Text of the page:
ASHLAND The mother and daughter accused of hatching a plot in late January to burn down a Greenup County convenience store in order to collect insurance money have pleaded guilty to federal conspiracy charges.

In two March 23 federal hearings, Manjit K. Singh, 48, and Harpneet K. Bath, 27, both pleaded guilty to a single count each of conspiracy to commit wire fraud, after waiving their right to have their case reviewed by a federal grand jury. The guilty pleas come in the wake of a March 19 indictment by a Greenup County grand jury. The Greenup County grand jury also indicted Singh’s husband, 50-year-old Gurpreet Singh Bath, on a conspiracy to commit arson charge.

Bath and Singh were arrested in late January after a joint investigation by the Greenup County Sheriff’s Office, Kentucky State Police, the commonwealth attorney’s office and the FBI. Authorities said the two tried to hire a man to burn down Wolf’s Food Mart and Pool Hall in order to collect up to a $275,000 insurance pay-out.

The man they hired turned out to be an informant, according to court records.

Per the plea agreement, Singh offered the informant $5,000 to burn down the store because they could no longer afford to run it. She then gave the informant a tour of the store to show him how she wanted it torched and a $100 towards a $1,000 down payment on the arson. Bath traveled from Canada to deliver the other $900 in cash to the informant and to help her mother move up there, per the agreement. On Jan. 28, Gurpreet Bath set up a meeting with the informant and his wife and daughter, in which the $900 was paid and information was taken down so the remaining $4,000 could be wired to him upon completion of the job.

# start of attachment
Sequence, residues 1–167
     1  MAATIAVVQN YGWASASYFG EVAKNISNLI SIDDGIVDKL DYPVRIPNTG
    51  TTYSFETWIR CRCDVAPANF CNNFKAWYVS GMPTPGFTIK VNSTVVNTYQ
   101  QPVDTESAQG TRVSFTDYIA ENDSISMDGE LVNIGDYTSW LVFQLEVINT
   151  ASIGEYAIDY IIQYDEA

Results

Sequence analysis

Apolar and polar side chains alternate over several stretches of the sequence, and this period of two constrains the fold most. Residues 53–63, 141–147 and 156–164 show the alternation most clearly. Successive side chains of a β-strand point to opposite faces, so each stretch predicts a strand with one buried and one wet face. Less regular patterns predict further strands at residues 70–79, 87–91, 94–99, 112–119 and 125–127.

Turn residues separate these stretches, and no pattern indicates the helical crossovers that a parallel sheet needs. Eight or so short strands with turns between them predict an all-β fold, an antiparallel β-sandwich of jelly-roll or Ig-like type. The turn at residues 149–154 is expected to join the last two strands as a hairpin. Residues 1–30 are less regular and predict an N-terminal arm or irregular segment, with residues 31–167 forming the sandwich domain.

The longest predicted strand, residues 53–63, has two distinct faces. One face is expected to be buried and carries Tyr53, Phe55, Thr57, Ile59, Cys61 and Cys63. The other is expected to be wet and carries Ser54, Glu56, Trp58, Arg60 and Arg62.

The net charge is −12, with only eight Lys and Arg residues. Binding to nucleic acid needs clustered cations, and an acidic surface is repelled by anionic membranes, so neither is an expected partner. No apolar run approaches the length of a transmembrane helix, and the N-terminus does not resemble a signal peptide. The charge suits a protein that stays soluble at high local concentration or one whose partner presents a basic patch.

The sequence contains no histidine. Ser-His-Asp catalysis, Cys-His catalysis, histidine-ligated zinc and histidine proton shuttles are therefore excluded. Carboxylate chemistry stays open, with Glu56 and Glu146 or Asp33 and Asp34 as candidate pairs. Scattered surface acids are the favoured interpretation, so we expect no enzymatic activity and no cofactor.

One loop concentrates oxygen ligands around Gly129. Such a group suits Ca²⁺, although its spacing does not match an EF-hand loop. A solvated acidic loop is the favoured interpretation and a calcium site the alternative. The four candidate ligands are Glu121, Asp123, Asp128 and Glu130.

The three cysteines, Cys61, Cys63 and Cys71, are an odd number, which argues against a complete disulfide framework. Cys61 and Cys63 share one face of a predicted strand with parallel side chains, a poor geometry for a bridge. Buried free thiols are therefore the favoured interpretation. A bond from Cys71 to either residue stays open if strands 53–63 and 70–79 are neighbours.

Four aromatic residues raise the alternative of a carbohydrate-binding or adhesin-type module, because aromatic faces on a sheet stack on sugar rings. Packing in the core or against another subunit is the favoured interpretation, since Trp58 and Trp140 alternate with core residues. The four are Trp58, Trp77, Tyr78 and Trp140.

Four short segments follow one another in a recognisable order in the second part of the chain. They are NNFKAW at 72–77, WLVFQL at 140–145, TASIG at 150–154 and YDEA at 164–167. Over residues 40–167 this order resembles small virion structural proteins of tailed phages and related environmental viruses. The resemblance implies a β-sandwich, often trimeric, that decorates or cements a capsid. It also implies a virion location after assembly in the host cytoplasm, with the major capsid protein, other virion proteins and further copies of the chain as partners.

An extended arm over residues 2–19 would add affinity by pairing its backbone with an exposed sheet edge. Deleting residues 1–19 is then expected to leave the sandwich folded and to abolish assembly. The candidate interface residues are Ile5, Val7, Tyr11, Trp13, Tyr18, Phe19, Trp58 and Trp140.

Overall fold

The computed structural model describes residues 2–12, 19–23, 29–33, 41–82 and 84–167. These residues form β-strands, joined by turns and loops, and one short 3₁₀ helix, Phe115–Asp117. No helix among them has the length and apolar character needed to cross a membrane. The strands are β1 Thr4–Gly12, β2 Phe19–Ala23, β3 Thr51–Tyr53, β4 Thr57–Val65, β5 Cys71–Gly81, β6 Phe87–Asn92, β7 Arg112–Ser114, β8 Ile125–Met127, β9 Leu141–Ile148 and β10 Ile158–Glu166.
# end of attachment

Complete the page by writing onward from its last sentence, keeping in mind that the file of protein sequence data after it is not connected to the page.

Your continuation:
The plea agreement states the wire fraud charge comes stems from the fact the insurance claim would have been submitted by fax or telephone through interstate wires.

While his initials are in the plea agreements, federal records do not show Gurpreet Bath as being charged at this time.

The two women will face up to 20 years in prison and not more than $250,000 in fines or twice the gross gain or loss of the insurance in the claim. Federal prosecutors have argued the pair should have a little time shaved off because the two have accepted their plea agreements in a timely fashion, but are arguing for an overall stricter sentence on the basis that the offense intended for a loss between $250,000 and $550,000 in value. They are also asking for an enhancement on the grounds that “the offense involved a reckless risk of death or serious bodily injury,” according to the agreements.

They are scheduled to be sentenced on Aug. 10 in the Eastern District of Kentucky court house in Ashland.

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